B. Mr. XXXX did not lose that reasonable expectation of privacy after the authorities seized the computer.
In California v. Greenwood, supra at 40, the Supreme Court decided that society does not recognize an objectively reasonable expectation that contents of trash containers left at a curb for collection would remain private, because those containers have been abandoned. Years before that, the Ninth Circuit had recognized that a person who has voluntarily abandoned property can claim no expectation of privacy in its contents. United States v. Jackson, 544 F.2d 407, 409 (1976), citing Abel v. United States, 362 U.S. 217, 240-41 (1960). The Jackson Court determined that a defendant who told authorities that a suitcase was not his after he was illegally arrested had not voluntarily abandoned that suitcase, and so held that he had standing to challenge its search. Id. In so holding, it framed the analysis as follows:
Abandonment is primarily a question of intent, and intent may be inferred from words, facts, and other objective facts. [Citations] Abandonment here is not meant in the strict property-right sense, but rests instead on whether the person so relinquished his interest in the property that he no longer retained a reasonable expectation of privacy in it at the time of the search.
Mr. XXXX continued to express an interest in his computer, even after it was seized, as he had his attorney attempt to obtain its return by contesting the civil forfeiture proceeding. He had by no means relinquished his interest in the computer. Therefore, even after its seizure by CBPO Edwards, Mr. XXXX continued to have standing to challenge the legality of its search.
CBPO OFFICERS NEEDED A WARRANT TO CONDUCT OFFSITE FORENSIC SEARCHES OF MR. XXXX'S COMPUTER
A. The forensic examinations of the computer did not occur at the border or its functional equivalents, so the border exception does not apply.
The Fourth Amendment protects individuals against unreasonable searches and seizures, and generally requires either of those actions to be done pursuant to a warrant supported by probable cause. However, the "border exception" allows an agent to search a person and his belongings without requiring a warrant or probable cause. Carroll v. United States, 267 U.S. 132, 154 (1925). That exception is limited, however, to searches at the border or its functional equivalent. In recognizing the border exception's limitations, the Supreme Court reversed the conviction of a defendant whose vehicle was stopped and searched by an INS agent while traveling on a road in the United States, "that lies at all points at least 20 miles north of the Mexican border," finding that the search could not be justified as a border search. Almeida-Sanchez v. United States, 413 U.S. 266, 272-273 (1973).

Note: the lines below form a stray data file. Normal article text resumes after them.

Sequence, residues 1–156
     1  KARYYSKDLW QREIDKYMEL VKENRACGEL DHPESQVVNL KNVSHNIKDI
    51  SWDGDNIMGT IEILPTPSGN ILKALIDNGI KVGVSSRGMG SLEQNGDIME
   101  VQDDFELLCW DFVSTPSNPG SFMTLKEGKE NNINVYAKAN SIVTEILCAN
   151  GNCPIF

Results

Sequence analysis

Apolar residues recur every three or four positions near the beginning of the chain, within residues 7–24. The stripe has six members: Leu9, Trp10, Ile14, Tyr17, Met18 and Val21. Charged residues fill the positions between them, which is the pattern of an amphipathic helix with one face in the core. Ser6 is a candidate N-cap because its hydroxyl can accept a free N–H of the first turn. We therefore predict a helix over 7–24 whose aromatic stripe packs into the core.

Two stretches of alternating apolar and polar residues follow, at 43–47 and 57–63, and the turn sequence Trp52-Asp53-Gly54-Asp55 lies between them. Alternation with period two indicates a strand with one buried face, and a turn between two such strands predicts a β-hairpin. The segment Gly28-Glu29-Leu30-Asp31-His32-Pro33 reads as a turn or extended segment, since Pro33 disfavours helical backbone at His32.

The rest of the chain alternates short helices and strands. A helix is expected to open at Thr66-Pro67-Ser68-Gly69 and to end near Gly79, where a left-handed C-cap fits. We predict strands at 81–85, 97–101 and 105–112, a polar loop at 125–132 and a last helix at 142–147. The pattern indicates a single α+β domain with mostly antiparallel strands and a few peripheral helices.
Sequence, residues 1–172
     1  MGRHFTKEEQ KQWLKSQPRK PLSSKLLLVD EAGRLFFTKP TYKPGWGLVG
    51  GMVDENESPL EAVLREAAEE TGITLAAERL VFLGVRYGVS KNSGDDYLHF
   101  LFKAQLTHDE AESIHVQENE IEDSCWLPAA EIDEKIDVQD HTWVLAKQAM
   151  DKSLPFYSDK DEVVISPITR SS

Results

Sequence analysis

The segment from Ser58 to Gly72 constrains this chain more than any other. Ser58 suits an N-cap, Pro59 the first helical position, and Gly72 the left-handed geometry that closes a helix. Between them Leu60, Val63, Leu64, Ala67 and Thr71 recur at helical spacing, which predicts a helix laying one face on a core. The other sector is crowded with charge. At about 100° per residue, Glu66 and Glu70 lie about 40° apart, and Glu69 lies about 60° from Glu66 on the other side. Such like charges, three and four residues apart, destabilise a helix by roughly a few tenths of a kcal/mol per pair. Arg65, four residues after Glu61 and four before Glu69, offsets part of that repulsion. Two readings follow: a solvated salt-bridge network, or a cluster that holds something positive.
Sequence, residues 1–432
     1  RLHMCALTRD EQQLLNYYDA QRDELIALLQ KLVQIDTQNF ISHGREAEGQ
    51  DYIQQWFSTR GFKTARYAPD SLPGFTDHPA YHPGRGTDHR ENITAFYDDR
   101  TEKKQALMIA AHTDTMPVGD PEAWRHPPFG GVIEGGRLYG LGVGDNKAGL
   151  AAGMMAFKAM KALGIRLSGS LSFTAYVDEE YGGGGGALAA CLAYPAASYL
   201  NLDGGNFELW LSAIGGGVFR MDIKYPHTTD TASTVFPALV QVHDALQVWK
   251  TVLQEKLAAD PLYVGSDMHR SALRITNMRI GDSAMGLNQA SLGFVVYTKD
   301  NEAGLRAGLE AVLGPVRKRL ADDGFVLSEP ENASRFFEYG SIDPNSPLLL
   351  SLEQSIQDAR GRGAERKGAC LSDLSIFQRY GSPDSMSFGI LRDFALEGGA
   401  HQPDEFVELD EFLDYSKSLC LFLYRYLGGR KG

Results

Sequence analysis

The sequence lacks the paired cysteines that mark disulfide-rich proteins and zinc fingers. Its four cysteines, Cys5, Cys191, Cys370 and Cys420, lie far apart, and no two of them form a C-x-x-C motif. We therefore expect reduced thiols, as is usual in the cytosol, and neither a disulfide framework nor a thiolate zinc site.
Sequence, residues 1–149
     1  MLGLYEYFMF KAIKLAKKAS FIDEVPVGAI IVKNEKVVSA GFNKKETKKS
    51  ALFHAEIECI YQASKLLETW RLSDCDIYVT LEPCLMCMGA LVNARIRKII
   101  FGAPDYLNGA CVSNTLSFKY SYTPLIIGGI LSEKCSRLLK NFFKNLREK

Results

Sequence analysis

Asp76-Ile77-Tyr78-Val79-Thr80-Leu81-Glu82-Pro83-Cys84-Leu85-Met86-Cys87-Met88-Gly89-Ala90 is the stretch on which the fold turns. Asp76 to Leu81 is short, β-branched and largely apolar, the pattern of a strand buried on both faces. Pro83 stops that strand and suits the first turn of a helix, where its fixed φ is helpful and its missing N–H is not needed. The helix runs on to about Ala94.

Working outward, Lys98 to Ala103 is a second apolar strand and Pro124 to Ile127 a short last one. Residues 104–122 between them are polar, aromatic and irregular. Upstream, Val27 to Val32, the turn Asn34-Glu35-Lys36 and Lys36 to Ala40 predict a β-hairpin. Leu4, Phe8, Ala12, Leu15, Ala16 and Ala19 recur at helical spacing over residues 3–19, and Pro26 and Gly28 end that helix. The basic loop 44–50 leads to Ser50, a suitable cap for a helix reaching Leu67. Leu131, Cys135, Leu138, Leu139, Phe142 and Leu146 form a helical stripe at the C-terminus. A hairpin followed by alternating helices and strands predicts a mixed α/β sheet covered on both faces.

After CBPO Edwards seized the computer and sent Mr. XXXX on his way, and sent the computer to an off-site facility for forensic searches, the computer was no longer at the border or its functional equivalent. Therefore the border search exception to the warrant requirement no longer applied. At that point, it was not only reasonably practicable, but entirely appropriate, for the authorities to seek a warrant to conduct further searches of Mr. XXXX's computer. Once the authorities had the computer in their possession, they should have had no problem obtaining a warrant.
At least one district court within the Ninth Circuit has already recognized that an offsite forensic examination of a computer seized at the border must be supported by a warrant. United States v. Cotterman, 2009 U.S.Dist. LEXIS 14300, at 1-2 (D. Ariz., February 24, 2009). The Cotterman Court granted the defendant's motion to suppress, noting that, while the search of the defendant's computer would have been a justifiable border search if it had been done at the border at which the defendant was stopped, it could not be justified as a border search where the agents took the computer to a facility in Tucson, AZ, 170 miles away from the border, and conducted the forensic search there.
The procedure of seizing a computer, then obtaining a warrant for a later forensic search, had been followed, for example, in Arnold, supra, 533 F.3d at 1005, where, "The officers seized the computer and storage devices but released [the petitioner]. Two weeks later, federal agents obtained a warrant." (Emphasis added.) Indeed, that appears to be the normal procedure in other federal districts as well. See, e.g. United States v. Wu, 2010 U.S.Dist. LEXIS 4439, at 6 (D.Mass., Jan. 21, 2010) and United States v. Pickett, 2009 U.S. Dist. LEXIS 69710, at 2-3 (E.D.La., Sept. 16, 2008), where the agents obtained a search warrant even after obtaining a signed consent to search the computer.
That the first forensic examination of Mr. XXXX's computer was conducted sixteen days after the seizure, and the second forensic examination was conducted nearly six months after the initial seizure is powerful evidence that the authorities could have applied for a search warrant. They had six months to prepare an affidavit in support and bring it before a magistrate. That they did not suggests either a total disregard for the law or a recognition that the image that formed the basis for the initial seizure would not, without more, result in a finding of probable cause by a disinterested magistrate.